Baseball cut-offs and relays for middle infielders. Includes proper defensive positioning, baseball cutoff diagrams, and who is the cut off man in various baseball situations.
Note: If you haven’t already, you may want to read about the basics of cut-offs and relays before proceeding with this article on 2nd base positioning for cut-offs.
1. Base hit with a runner on 2nd base.
In this relay situation, the throw or relay is to home plate. This section describes the defensive positioning for a base hit to outfield if there is a runner at second base.
1.A. Single to left fielder, runner on 2nd base.
The shortstop will run over to 3rd base and cover the bag. The 3rd baseman is vacating his base so he can be the cut off man to home plate.
With the throw going towards home plate, be ready for a ball cut off by the third baseman and thrown to the second base bag. This could happen if there is no play at home, and the batter is trying to move up to 2nd.
1.B. Single to center fielder, runner on second base.
The shortstop will cover the 2nd base bag, notice that this responsibility will be different if there is a runner on 1st. In this scenario, the 2nd baseman will cover 1st and the shortstop will take 2nd.
See Diagram 1.B. – Positioning for a single hit to center field with a runner on second base. Play is at home plate. First baseman is the cut-off man. Second baseman covers 1st base.
1.C. Single to right fielder, runner on 2nd base.
The shortstop will cover 2nd base. Again this responsibility will be different if there is a runner on 1st base. With nobody on base the 2nd baseman will cover 1st and the shortstop has the 2nd base bag.
Diagram of positioning for a single hit to right field with a runner on second base. Play is at home plate, with a possible cut and throw to 3rd base. First baseman is the cut off man. Second baseman covers 1st base.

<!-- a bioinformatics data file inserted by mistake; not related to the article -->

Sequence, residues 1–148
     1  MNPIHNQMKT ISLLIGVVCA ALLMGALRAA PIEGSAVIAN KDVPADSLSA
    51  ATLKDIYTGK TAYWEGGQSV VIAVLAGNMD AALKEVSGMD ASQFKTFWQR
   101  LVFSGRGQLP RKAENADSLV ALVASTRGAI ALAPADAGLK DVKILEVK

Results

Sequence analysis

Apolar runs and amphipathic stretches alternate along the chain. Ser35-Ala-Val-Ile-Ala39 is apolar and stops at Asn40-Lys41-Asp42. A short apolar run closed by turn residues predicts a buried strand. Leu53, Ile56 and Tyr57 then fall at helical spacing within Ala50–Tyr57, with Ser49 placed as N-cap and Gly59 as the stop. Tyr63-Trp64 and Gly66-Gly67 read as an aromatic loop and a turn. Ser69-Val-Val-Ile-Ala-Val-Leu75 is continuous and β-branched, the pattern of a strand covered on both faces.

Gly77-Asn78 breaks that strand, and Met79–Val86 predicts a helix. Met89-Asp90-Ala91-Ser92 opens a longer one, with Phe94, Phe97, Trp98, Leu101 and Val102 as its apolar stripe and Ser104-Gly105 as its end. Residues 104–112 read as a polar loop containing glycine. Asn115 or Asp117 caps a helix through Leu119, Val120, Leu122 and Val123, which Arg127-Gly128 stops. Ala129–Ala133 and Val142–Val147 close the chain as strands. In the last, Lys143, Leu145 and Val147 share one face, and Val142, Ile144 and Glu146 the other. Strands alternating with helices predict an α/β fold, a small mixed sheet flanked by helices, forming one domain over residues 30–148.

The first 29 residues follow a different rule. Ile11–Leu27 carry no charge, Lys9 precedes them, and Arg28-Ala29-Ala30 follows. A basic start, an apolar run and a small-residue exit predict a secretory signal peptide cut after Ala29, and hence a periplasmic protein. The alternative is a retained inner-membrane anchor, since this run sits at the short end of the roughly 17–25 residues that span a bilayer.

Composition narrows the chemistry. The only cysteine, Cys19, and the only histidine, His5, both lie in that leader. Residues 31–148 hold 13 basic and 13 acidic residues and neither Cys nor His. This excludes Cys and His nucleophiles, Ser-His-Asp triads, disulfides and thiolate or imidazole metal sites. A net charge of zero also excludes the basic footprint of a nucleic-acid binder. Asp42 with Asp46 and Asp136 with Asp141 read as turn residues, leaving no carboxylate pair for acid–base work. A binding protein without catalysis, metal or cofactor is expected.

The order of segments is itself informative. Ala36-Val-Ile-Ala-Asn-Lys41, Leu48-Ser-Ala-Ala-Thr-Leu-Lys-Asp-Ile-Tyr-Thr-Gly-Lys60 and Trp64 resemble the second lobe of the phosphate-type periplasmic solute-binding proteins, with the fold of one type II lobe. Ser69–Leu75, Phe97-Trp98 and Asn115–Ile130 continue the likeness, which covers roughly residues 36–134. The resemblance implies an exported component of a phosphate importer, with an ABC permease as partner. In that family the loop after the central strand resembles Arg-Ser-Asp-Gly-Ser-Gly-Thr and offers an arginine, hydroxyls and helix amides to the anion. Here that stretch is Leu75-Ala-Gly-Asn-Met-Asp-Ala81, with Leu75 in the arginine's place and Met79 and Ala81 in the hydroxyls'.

2. Base hit, with runners on 1st and 2nd Bases.
In this situation, the throw is to home plate, with potential for a cut and throw to 3rd base. This section describes the positioning for a base hit to outfield if there are runners on both first and second bases.
2.A. Single to left field, runners on 1st & 2nd bases.
The shortstop will cover 3rd base. With no one on 1st, the 2nd baseman should run to 1st base in case there is an attempt to get the hitter out at first.
This diagram shows the setup for runners at 1st and 2nd base when a single is hit to left field. The 3rd baseman is the cut-off guy, so he may choose to reroute the throw if to 2nd or 3rd if needed.
2.B. Single to center field, runners on 1st and 2nd bases.
The shortstop will line up to 3rd base because the outfielder has the option of throwing home or to 3rd depending on the ball hit and the speed of the runners. The 2nd baseman is covering second base, and will be expecting the ball from a cut off man if the runner takes to big of a turn around 2nd base.
2.C. Single to right field, runners on 1st and 2nd bases.
The shortstop lines up to 3rd base, expecting the throw from the outfielder who has the option to go to home or to 3rd base.
You should line up in a straight line and about 15 – 20 feet to the 3rd base side of 2nd base. This will allow you to keep the ball and runner in your line of vision and make the decision to cut the ball or let it go through. This decision depends on what the runner decides to do.
To summarize, the shortstop must understand that depending on where the runners start out makes a big difference on which base to cover during baseball cut-offs and relays.